Back in culinary school there was a 3 week stint in an American Regional cooking class where I was saddled with tortilla chip duty. I took ready made tortillas, cut them into wedges, and threw them in the fryer. Easy abs repetitive, but it did give me a taste for homemade tortilla chips over the store bought version.
That and a love of tacos that may or may not be universal (seriously, when have you met someone who hated tacos?) prompted me to try making my own tortillas.
This was a second recipe attempt. The first recipe I tried called for an overnight fermentation. This meant mixing the dough, waiting until the next day, then shaping and cooking. The dough didn’t rise at all but it did produce a strong sourdough taste that was off putting for me. So I looked for something with shorter fermentation.
I found a simple recipe from Pies And Tacos and worked with it, substituting half of the flour for whole wheat. Now I have a tall stack of tortillas in my freezer for future taco nights or tortilla chips.
If you don’t have a tortilla press, a rolling pin will work fine. Just don’t be surprised if your tortillas come out with a little more “character,” especially if you haven’t had a lot of practice in. They’ll taste just as good, I promise. And if you turn them into chips, it won’t matter how oddly shaped they are.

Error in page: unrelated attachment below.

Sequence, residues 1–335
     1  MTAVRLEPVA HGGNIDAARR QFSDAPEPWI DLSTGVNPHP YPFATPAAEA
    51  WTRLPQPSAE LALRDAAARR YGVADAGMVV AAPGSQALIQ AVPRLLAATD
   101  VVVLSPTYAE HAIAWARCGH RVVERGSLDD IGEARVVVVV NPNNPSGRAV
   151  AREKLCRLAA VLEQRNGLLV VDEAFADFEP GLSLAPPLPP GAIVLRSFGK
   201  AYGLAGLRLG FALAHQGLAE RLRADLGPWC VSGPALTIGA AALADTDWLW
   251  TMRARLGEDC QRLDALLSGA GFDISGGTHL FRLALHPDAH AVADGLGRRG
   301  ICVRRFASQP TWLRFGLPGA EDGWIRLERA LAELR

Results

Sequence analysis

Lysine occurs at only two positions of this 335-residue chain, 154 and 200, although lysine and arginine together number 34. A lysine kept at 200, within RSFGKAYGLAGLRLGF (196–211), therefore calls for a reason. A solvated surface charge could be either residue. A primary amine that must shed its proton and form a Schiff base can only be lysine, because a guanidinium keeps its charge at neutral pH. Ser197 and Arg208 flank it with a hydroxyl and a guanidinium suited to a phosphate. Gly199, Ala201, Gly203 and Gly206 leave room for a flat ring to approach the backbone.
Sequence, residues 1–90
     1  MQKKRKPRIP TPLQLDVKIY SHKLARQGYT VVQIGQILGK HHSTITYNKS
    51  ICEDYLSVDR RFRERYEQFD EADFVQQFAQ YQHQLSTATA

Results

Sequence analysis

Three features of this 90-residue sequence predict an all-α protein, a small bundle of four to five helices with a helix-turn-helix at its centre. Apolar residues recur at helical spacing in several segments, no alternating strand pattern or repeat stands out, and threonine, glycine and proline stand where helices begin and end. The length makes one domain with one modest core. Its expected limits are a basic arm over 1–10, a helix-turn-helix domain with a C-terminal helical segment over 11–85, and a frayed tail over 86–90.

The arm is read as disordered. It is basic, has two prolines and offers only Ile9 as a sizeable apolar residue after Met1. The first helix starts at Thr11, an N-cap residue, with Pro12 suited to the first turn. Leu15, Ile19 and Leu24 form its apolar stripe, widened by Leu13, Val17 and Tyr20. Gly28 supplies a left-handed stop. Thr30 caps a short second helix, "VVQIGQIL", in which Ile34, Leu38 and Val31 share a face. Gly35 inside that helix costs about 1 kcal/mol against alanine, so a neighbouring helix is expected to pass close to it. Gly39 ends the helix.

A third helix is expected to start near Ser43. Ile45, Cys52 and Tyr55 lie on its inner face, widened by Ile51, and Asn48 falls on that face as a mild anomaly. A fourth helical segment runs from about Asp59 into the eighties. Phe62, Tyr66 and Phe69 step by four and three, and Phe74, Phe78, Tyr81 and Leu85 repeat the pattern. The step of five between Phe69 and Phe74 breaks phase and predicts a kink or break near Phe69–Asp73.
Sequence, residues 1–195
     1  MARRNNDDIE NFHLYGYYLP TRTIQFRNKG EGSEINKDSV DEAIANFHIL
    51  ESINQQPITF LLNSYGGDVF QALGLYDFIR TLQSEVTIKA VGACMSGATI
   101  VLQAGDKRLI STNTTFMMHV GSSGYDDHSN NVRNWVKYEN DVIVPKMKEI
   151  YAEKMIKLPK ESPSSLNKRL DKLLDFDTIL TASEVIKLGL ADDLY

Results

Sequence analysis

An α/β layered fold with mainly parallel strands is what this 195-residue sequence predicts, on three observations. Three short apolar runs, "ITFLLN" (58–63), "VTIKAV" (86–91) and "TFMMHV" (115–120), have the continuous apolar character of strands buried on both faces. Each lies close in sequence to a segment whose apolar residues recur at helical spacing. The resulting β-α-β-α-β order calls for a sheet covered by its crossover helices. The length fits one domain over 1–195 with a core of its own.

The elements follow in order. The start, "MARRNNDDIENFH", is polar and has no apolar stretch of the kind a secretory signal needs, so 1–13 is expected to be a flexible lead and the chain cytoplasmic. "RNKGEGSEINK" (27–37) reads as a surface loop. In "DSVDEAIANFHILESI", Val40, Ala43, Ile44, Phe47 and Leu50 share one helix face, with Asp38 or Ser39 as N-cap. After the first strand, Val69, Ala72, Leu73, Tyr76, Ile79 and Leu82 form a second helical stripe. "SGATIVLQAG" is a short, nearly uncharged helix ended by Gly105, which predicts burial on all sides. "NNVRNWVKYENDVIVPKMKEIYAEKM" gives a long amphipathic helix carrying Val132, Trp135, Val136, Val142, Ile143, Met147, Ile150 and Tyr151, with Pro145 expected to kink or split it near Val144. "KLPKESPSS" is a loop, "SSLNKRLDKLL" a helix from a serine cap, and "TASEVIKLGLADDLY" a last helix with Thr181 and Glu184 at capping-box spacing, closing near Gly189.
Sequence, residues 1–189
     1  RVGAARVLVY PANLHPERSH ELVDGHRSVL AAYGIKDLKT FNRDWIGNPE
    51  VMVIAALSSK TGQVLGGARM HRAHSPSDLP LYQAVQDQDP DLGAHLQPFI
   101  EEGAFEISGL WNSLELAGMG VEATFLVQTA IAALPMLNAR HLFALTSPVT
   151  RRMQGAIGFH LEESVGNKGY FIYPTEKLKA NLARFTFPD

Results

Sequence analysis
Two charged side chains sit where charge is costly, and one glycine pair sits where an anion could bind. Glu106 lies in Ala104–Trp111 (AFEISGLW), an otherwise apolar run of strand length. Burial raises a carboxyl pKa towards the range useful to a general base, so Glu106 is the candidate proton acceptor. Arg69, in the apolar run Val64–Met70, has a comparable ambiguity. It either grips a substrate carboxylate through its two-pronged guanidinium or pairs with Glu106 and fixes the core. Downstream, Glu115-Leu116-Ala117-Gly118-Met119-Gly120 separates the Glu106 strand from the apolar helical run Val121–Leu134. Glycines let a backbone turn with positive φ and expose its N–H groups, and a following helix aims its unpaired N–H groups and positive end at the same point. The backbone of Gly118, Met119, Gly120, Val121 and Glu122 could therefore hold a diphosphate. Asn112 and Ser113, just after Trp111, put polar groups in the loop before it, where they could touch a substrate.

Be advised that the flour you need to add (like in many other recipes) may change depending on a lot of factors like humidity, brand of flour, which state of retrograde Mercury is in, etc. So you’ll want to add the last bit of flour slowly and see how the dough looks as you’re mixing. You don’t want it too sticky, nor do you want something dry.
You can use any kind of oils in this recipe. My previous attempts using coconut oil did end with a slightly coconutty taste at the end, so keep that in mind should you want to make, say, beef tacos. I used standard vegetable oil this time. Other people have also suggested bacon grease. This will call for future testing.
Making these into chips won’t even require a fryer. Just add some oil and seasonings and bake until crispy. I’ll go into more detail in a later post.
Adapted from Pies and Tacos, creates 32 tortillas
- 125 g sourdough starter
- 320 g warm water
- 56 g liquid fat (vegetable oil, olive oil, coconut oil, bacon drippings, etc)
- 2 teaspoons kosher salt
- 1/2 teaspoon baking powder
- 320 g all-purpose flour
- 320g whole wheat flour
- Extra flour for dusting
Sift together both flours and set aside approx. 1 cup. Add rest of ingredients to the remaining flour and mix either by hand with a wooden spoon or in a stand mixer with a hook attachment.
Once everything is incorporated, take a look at the dough and add the cup of flour slowly as needed. You should have a smooth dough that is neither dry nor sticky. Transfer to a lightly oiled bowl. Cover and let rest for 20 minutes.
Turn out the dough on a smooth surface lightly dusted with flour. Divide into 32 pieces. You can do this by eye, or using a scale. They come out to roughly 30g a piece.
Roll each piece into a ball and let sit on the counter. Avoid keeping them in the bowl as they’re likely to stick together. Let rest covered for 5 minutes.
Turn a dry skillet or pan to medium heat. Working with one piece at a time, roll or press each round into a circle roughly 7 inches in diameter. Cook the rounds, one minute on the first side and thirty seconds on the other.
Let cool and store in an airtight bag. The tortillas keep at room temperature for a few days or frozen for about two months.